This is the point where you start questioning the purpose of your business. You ask yourself if it’s having an impact on the world, what your legacy will be and how the world will be better for you having lived in it. You get inspired by others that have had a lot of success and put it all aside to create something that will have a bigger impact. You ask yourself tough questions like, “What makes me happy?” or “Why am I here?” and “Can I do more?” You may modify your current business to accomplish this or leave to start something new. This is the highest point in the Entrepreneurial Needs Pyramid.

Looking at your journey in business through the lens of the Entrepreneurial Needs Pyramid will help you identify where you’re at, what to expect next and give you guidance in deciding what you want in your entrepreneurial life.

Can you jump stages? Maybe, but it’s unlikely. Here’s a list of people that are following their purpose and who all started at the bottom of the pyramid and worked their way up. Scott @ Charity: Water, Dale @ Sevenly, or Taylor @ Change Heroes.

Go do some research on other business leaders like Steve Jobs, Elon Musk or Bill Gates. They all went through the same stages. The key is being self aware.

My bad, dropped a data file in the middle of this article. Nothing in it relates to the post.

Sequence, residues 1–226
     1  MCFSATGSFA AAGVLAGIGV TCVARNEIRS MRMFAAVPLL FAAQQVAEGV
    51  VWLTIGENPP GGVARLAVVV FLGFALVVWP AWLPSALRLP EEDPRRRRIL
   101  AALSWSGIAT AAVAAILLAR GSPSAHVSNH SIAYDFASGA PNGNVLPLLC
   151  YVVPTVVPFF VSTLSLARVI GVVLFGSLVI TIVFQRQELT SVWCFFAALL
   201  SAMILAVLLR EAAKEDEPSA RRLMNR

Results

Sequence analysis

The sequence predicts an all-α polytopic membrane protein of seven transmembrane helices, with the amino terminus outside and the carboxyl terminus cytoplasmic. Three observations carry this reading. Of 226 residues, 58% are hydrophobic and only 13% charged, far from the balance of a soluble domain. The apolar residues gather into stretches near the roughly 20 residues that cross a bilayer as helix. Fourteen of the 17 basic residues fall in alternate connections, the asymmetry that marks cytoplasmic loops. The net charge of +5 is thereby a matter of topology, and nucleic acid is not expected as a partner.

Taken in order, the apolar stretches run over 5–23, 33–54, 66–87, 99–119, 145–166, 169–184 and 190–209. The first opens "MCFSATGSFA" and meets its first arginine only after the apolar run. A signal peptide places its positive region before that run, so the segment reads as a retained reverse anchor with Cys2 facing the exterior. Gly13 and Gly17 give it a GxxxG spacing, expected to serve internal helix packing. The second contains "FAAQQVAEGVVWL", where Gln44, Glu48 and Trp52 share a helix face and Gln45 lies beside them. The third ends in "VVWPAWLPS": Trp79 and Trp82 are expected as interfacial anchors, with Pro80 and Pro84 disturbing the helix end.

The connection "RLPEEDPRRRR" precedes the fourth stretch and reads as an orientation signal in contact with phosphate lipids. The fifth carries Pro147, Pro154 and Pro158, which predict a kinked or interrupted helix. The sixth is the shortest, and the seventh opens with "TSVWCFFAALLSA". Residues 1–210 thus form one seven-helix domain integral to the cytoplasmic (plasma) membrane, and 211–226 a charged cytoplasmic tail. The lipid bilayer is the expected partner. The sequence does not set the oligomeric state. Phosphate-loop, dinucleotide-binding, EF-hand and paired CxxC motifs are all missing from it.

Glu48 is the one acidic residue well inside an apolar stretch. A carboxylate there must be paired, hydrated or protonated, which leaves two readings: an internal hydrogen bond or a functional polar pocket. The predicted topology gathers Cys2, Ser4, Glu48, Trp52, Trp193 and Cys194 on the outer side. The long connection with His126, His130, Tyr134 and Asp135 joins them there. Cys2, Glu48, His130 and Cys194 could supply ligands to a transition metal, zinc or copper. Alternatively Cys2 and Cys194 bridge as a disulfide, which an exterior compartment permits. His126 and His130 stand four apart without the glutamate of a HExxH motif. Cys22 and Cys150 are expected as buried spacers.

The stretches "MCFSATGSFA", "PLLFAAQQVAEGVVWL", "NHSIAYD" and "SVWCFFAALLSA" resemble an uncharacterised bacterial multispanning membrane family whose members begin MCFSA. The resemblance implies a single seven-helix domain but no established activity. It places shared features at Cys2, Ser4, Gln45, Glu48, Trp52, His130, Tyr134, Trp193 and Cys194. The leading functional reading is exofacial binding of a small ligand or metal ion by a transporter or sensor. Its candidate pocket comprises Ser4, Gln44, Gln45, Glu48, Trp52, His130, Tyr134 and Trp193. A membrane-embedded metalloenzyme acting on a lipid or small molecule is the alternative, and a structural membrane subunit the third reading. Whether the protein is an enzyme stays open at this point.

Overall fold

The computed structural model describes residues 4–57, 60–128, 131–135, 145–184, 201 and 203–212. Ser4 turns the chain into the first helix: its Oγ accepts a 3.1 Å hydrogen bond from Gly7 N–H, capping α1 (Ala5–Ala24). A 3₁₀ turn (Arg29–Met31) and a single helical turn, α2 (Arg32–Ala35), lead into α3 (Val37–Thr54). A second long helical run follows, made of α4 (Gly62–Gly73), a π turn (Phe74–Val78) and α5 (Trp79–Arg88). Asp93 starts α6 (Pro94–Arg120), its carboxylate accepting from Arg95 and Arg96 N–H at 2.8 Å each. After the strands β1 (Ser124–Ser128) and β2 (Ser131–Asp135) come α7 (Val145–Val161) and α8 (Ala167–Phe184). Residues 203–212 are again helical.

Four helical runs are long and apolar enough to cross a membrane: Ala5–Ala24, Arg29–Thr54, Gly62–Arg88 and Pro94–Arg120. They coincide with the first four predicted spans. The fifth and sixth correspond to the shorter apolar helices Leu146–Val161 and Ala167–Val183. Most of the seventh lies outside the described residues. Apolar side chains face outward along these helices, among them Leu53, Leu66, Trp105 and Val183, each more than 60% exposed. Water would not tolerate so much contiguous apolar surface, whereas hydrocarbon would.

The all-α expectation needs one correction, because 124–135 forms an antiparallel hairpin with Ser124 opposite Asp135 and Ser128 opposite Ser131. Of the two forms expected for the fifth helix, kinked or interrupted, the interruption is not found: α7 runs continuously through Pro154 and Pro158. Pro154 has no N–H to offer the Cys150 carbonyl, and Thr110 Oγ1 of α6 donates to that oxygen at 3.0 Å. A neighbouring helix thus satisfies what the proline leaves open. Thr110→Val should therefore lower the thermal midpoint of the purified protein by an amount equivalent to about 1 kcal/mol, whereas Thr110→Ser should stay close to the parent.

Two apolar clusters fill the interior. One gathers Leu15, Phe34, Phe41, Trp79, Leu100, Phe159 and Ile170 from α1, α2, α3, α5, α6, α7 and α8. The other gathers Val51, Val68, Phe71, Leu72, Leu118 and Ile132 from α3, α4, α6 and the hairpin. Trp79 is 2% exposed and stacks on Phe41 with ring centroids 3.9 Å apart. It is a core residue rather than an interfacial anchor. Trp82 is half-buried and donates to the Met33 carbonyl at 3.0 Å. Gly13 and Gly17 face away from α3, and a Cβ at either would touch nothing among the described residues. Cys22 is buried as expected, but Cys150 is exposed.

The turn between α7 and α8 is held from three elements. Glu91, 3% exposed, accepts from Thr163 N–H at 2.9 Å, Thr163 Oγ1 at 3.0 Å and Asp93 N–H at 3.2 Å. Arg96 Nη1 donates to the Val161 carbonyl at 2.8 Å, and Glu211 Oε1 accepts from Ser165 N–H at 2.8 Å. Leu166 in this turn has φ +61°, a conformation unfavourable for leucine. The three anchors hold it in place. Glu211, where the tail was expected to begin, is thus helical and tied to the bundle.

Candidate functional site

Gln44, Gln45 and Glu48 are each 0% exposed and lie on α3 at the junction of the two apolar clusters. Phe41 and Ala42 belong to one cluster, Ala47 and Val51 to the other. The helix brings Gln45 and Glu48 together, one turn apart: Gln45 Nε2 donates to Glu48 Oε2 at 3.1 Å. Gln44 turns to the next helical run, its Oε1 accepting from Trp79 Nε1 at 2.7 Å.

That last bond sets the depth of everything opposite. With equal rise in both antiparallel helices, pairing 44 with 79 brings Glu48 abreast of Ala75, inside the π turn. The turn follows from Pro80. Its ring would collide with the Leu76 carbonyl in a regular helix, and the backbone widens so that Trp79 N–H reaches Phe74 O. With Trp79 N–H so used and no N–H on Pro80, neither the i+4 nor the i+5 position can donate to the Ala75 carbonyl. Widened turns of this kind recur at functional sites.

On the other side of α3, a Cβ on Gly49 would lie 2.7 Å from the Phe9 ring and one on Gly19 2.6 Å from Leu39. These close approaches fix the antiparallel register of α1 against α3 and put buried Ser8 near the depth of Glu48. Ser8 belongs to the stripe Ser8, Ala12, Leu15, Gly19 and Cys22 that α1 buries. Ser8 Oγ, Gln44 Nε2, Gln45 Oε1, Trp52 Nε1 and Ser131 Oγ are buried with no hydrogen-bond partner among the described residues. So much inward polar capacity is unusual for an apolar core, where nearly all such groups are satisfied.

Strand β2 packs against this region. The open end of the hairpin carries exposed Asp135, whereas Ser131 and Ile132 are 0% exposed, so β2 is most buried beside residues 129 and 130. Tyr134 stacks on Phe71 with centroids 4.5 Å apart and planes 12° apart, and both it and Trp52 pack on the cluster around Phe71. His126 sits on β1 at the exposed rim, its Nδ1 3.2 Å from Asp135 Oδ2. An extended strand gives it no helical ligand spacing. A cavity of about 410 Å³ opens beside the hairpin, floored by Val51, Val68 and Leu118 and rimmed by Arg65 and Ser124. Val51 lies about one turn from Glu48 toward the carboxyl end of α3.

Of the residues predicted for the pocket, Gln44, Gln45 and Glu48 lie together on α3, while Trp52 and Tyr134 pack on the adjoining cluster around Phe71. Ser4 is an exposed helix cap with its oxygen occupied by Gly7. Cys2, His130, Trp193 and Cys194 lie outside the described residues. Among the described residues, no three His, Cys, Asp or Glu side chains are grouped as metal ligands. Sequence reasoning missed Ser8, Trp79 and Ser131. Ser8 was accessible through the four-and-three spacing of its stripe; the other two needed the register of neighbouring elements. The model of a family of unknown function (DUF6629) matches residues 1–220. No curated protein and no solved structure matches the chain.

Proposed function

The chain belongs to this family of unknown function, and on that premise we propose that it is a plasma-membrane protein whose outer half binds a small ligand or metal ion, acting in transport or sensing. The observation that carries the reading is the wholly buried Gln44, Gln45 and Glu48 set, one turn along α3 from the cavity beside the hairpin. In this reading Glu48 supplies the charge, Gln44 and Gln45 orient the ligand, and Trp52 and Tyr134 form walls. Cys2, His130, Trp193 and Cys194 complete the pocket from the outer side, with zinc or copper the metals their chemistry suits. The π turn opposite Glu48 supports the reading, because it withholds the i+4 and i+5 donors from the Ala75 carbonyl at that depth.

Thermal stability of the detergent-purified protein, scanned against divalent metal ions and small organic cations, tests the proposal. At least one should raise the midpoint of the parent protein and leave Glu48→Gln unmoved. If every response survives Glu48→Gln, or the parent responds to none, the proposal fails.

Do you agree? If not, let me know below. Do you have any other examples that are worth mentioning? Leave a comment below.

  • natacha dugas

    This is a very interesting way of looking at it. Maybe that will help me stop putting too much pressure trying to jump up top without taking time to get the basic covered. Great article!! Thanks Dan!

    • Dan Martell

      It may… it’s almost like levels of accomplishment or self awareness. I’m not saying you can’t jump to the top… but I would imagine it’s a lot tougher without having the others needs met.

      Just a framework to think about your day.

      Appreciate the comment.


  • William Oliver

    Wonderful post, I’ve definitely gone through all of these stages, hopefully at the final stage now!

    • Dan Martell